To declare fields, use a comma-separated list of key:value:option sets, where key is the name of the field, value is the column type, and option is a way to specify indexes or other things like unique or nullable. Here are some examples:

  • --fields="first:string, last:string"
  • --fields="age:integer, yob:date"
  • --fields="username:string:unique, age:integer:nullable"
  • --fields="name:string:default('John'), email:string:unique:nullable"
  • --fields="username:string[30]:unique, age:integer:nullable"

Please make note of the last example, where we specify a character limit: string[30]. This will produce $table->string('username', 30)->unique();

An example without placeholders might look like this:

blacksmith generate User scaffold ~/blksmth/cfg.json --fields="username:string:unique, age:integer:nullable"

Note: Blacksmith works from your current working directory, so if you have a template that gets written to a releative path, that will be relative to your current directory when you run Blacksmith. For Laravel this directory should be the application root.

## Getting Started

While Blacksmith comes packaged with templates and base configuration file, it's likely you'll want to download the templates and customize them to suit your needs. This will also require you create your own config file which you can read more about in the Config File section.

As you begin to generate you may notice some interfaces and classes referenced in templates that were not generated. This is not a mistake. Any classes you only create one time are not generated by Blacksmith and can be obtained from Blacksmith-contracts.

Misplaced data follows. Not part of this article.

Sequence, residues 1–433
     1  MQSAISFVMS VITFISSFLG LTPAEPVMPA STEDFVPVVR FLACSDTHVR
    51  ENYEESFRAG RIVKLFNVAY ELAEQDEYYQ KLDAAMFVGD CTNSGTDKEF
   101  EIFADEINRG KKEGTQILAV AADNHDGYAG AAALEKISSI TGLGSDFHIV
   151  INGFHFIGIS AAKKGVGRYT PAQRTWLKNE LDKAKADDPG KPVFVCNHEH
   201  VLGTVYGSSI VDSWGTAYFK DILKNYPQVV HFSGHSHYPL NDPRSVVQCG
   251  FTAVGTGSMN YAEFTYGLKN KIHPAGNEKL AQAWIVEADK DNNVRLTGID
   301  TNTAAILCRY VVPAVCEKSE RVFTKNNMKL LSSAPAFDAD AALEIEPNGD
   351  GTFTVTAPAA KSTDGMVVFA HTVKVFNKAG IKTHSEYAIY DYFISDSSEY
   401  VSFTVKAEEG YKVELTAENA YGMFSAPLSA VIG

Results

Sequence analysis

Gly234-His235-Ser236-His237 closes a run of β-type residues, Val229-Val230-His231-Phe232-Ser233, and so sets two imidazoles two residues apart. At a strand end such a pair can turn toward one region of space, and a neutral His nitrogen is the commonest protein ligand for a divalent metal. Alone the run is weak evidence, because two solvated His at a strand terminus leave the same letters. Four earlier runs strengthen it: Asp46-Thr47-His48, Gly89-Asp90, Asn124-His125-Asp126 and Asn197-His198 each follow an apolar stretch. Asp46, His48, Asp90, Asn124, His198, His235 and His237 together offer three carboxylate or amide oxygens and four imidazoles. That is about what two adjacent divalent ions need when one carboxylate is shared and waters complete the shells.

## The Config File

The Blacksmith config file is written in JSON and has a specific format. Blacksmith will validate the file's format before use and provide errors if there is a mis-configuration.

The config file has a root level item for each single generator, and a root level item for config_type. The config_type element leaves the door open for subsequent configurations like "mvc" that would require a different collection of generator keys to be present.

Here is a partial view of the template, for a full template checkout the default here:

    "config_type": "hexagonal",

    "model": {
        "template": "model.txt",
        "directory": "app/models",
        "filename": "{{Entity}}.php"
    "controller": {
        "template": "controller.txt",
        "directory": "app/controllers",
        "filename": "{{Entities}}Controller.php"
    "migration_create": {
        "template": "migration_create.txt",
        "directory": "app/database/migrations",
        "filename": "{{migration_timestamp}}_create_{{collection}}_table.php"
    "view_show": {
        "template": "view_show.txt",
        "directory": "app/views/{{collection}}",
        "filename": "show.blade.php"

The key take away here is that for each singular generator there are sub elements for template, directory, and filename.

  • template - the template file to use for this generator relative to the config file
  • directory - the directory where the final parsed template should be written, relative to the directory you were in when Blacksmith was executed.
  • filename - the filename the parsed template should be saved as